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A Nostalgic Vision of the Future of Travel Tempered By Reality

I’ve always been someone who looks ahead and believes that, in hope for the future, we have to look to the skies. While NASA's own space programs are part of the past, the future is now tied into privatization of space travel, exploration and, eventually, colonization.

That’s why I have believed that space travel would be normalized and become a way out of our troubles. Many of our problems stem from global limitations; we have to move to the open-ended possibilities of going beyond our earth and into the cosmos.

SpaceX’s recent test flight with astronauts Bob Behnken and Doug Hurley on board the Dragon spacecraft meant that human spaceflight has returned to the United States. On Saturday, May 30, these two former NASA astronauts boarded the Dragon spacecraft and re-launched human spaceflight by the USA.

Both men are military test pilots, engineers, and members of the same NASA astronaut class. Each flew on two space shuttle missions, married a fellow astronaut, and have a son. SpaceX  described them as "badass space dads," while fellow astronauts say the two men are deceptively intelligent and now pioneers.

SpaceX's Falcon 9 launched Crew Dragon"s second demonstration mission (Demo-2) from Launch Complex 39A (LC-39A) at NASA"s Kennedy Space Center in Florida. The next day, Crew Dragon autonomously docked to the International Space Station (ISS). At 7:35 p.m. EDT on Saturday, August 1st --  after 63 days at the Space Station -- the team on board the ISS with the American duo autonomously un-docked and departed from the orbiting laboratory. At 2:48 p.m. EDT on Sunday, August 2, they splashed down in the Gulf of Mexico off the coast of Pensacola, Florida.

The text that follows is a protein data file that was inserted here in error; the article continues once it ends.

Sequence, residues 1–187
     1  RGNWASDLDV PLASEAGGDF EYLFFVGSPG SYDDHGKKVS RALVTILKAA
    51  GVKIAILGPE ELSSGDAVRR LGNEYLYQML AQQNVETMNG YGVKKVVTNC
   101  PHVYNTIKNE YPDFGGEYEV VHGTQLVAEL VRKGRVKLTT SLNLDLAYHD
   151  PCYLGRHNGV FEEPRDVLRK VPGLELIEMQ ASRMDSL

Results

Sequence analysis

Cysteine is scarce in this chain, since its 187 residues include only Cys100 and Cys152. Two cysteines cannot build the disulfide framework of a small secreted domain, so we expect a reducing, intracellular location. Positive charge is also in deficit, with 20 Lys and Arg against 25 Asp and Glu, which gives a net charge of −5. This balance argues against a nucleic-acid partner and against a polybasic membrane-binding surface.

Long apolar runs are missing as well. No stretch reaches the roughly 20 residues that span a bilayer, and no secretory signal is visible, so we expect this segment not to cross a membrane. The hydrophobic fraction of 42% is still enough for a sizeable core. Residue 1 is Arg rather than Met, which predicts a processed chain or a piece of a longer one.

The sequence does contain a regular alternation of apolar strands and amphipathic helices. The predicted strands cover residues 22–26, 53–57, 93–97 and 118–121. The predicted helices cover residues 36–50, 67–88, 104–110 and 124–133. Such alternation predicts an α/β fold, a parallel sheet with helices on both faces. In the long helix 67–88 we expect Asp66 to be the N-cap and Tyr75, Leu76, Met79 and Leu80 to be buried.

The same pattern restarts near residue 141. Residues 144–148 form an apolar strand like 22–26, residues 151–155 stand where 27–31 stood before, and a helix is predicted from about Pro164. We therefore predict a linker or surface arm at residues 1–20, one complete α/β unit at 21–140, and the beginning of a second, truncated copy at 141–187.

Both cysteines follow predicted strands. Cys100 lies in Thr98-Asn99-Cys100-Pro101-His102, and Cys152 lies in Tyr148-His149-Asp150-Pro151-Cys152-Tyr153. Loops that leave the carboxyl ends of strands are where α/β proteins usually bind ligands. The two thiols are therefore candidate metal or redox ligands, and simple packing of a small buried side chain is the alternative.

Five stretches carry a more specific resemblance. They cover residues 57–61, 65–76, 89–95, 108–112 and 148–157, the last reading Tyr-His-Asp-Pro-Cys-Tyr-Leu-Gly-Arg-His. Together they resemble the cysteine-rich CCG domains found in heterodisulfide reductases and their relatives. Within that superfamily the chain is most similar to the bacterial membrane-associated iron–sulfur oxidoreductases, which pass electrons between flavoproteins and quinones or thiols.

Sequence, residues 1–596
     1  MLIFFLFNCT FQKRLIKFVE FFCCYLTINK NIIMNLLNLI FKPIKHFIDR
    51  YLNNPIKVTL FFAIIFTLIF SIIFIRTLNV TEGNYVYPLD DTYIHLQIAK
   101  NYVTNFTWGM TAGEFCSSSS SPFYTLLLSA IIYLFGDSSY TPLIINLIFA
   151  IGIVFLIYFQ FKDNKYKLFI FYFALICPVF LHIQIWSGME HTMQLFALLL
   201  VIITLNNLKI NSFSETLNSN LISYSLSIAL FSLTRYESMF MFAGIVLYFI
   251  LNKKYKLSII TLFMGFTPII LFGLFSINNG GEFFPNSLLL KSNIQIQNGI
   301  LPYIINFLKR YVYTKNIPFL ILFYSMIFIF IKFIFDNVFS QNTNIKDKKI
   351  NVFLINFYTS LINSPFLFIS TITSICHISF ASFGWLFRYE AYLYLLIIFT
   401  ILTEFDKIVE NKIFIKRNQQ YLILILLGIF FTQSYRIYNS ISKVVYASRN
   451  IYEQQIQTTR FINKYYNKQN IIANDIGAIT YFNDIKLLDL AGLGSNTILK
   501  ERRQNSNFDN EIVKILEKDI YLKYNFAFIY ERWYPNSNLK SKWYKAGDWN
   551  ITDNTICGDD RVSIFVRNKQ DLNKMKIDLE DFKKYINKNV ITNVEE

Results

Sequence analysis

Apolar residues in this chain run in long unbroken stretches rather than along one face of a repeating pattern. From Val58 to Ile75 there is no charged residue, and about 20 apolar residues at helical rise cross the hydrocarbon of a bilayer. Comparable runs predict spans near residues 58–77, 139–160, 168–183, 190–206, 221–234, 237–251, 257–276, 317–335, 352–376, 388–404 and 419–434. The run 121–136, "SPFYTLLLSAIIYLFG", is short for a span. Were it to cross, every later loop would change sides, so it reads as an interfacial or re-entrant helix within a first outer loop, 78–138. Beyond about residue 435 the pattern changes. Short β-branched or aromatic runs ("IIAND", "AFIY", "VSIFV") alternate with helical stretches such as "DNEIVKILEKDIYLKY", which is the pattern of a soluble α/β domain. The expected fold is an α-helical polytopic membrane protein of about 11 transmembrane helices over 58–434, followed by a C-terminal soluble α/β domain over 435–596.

This mission was the final major milestone for SpaceX's human spaceflight system, executed in order for the company to get it certified by NASA for operational crew missions to and from the ISS. The SpaceX and NASA teams have reviewed all the data for certification; NASA astronauts Victor Glover, Mike Hopkins, Shannon Walker, and JAXA astronaut Soichi Noguchi will fly on Dragon's first six-month operational mission (Crew-1)-- now targeted for late September 2020.

This particular launch not only brought the USA back into the game but it represented the first commercial contract for a crewed NASA launch. Is the privatization of space the future? In 20 years, will the millennials of today be taking their grand kids on commercial space flights and building orbiting colonies?

In any case, I didn’t get as worked up about this flight as I did when space fights were completely untested events in the '60s. The early space trips that took place had all my attention then; when these two intrepid space travelers returned, I was far less excited.

Maybe I had a sort of deflation or even a blasé reaction about it all because it was a result of tech visionary Elon Musk's efforts. Musk, who co-founded and leads Tesla, SpaceX, Neuralink and The Boring Company, can chortle. The travel-focused entrepreneur oversees all product design, engineering and global manufacturing of the company's electric vehicles, battery and solar energy products. There we go, that raging capitalist, an arrogant conservative full of bile and ego, someone who skirts the edge of being a conspiracy theorist while actually making a go of it  -- is the hero of the moment.

Maybe that’s what it takes, a man who has such a vision, but this success was needed to kick-start us all; our global future has to expand well beyond him.

The point? We each have to make our own collective push towards new technology and the future. And that might save us all as we survive through this pandemic.

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